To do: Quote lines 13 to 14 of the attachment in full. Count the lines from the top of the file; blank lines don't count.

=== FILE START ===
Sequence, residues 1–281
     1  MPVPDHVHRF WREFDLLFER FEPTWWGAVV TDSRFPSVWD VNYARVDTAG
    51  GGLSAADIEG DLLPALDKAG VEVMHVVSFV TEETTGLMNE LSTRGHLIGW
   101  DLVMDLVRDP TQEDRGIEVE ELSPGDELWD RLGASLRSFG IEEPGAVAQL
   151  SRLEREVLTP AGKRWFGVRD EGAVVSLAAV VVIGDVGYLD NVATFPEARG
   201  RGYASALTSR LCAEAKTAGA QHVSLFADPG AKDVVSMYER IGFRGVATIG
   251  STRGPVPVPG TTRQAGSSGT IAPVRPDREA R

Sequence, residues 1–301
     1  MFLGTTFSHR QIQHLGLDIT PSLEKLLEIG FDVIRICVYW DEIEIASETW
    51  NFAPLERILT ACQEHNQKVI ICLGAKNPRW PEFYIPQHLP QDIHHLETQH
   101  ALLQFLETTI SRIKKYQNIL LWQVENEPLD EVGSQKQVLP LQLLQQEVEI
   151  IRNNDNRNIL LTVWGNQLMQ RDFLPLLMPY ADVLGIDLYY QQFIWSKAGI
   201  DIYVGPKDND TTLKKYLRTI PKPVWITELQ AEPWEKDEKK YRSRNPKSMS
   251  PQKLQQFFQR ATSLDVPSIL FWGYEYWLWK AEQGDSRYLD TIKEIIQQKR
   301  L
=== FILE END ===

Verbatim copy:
   201  DIYVGPKDND TTLKKYLRTI PKPVWITELQ AEPWEKDEKK YRSRNPKSMS
   251  PQKLQQFFQR ATSLDVPSIL FWGYEYWLWK AEQGDSRYLD TIKEIIQQKR